“Can do better!!!” a phrase which has bothered me for years, a remark which repeated itself consistently like a customary ritual on my annual report card every year throughout my school life, a statement which made me clutch my mother’s hands in fear before every open house at school. I thought I would not have to hear it again once I am out of school, but these words never left me, they were repeated when I was one among the three girls who could not make it for the much awaited and expected Medical Entrance Examination, the words became even more stronger when I missed university rank during my graduation. The same words haunted me even when I could achieve a rank during my post graduation, may be because people around me and I myself felt I could have done better. After that my first job, second job, career, family life and so on, these words became an indispensable part of my life. These words were successful in inculcating a guilt in me that I was not able to meet the expectations of people round me, my parents, my teachers and all family & friends.


Expectations come by virtue of being a part of the society and as a child, as an individual we spend most of our lives running to meet them.  Expectations can be like the sweet stress which can have a motivational role in helping us to strive for better in our lives, at the same time it has the potential to become a bitter strain when it is in excess and unreasonable.

When the child grows in its mother’s womb, expectations from the child grows in every parent’s heart and mind. Those nine months, as we prepare ourselves to become a parent, we visualize so many attributes about our child, right from its behavior, personality, academics to even its career. These small dreams and visualizations in our mind set in as standards and from the day our child is born, we start viewing him/her within the frameworks of those standards and when they are not met we are heartbroken and shattered. Now with that said, who is to be blamed, the parent? The child? Or is it wrong to have expectations from your own blood for whom you spent your entire life?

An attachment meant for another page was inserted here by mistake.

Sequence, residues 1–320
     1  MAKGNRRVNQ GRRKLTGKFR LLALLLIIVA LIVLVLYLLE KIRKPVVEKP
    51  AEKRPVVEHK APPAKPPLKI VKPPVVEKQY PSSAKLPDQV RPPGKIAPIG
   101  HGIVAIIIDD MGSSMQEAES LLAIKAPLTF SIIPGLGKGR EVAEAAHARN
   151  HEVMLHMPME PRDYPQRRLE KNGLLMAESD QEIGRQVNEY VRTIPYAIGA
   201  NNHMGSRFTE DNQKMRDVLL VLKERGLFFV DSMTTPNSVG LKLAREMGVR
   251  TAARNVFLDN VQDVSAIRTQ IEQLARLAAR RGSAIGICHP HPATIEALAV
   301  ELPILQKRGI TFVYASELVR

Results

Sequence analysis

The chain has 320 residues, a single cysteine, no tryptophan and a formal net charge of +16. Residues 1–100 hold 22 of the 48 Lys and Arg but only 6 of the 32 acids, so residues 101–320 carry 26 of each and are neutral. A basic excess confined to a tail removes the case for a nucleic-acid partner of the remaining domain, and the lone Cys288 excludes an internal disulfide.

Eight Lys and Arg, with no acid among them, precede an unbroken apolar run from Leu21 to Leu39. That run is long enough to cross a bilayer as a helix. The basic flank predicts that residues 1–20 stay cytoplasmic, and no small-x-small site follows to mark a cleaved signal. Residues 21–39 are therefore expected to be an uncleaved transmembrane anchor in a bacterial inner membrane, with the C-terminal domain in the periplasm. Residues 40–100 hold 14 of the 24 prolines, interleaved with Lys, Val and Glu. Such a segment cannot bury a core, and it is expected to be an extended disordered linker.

In my opinion each child is unique and is gifted with specific abilities. It is for us as parents to identify and estimate the child’s actual abilities and set our expectations accordingly. Sooner or later our children will learn to do what we expect of them if our expectations are realistic. As parents we have expectations at different stages of our child’s life. Today’s article is about what and why to expect from our children during their early childhood days.

Expectations from a toddler

This is for all those lovely couples who have just become the proud parents. If this is your first child, you will be sorely tempted to compare his/her progress with that of other children his age. I know that nothing I write will keep you from doing that, but I hope I can convince you that such comparisons are more apt to mislead than to inform. During the first few years of life the development of individual children varies so widely that comparisons are meaningless. However, if you want a rule of thumb, try this: most children sit with support at 6 to 8 months, sit without support at 8 to 10 months, walk at 12 to 18 months, talk at 18 to 24 months, ride a tricycle at 3 years, and copy a square at 4 years. Having said that. Let me urge you to resist the temptation to boast if your child reaches any of these milestones at an earlier age or to worry if his development is delayed. At some point in their development, all normal children arrive at the same place, and whether it is early or late makes no difference.

(The author is the founder and Chief Executive Officer of Learning Arena, an e-learning company)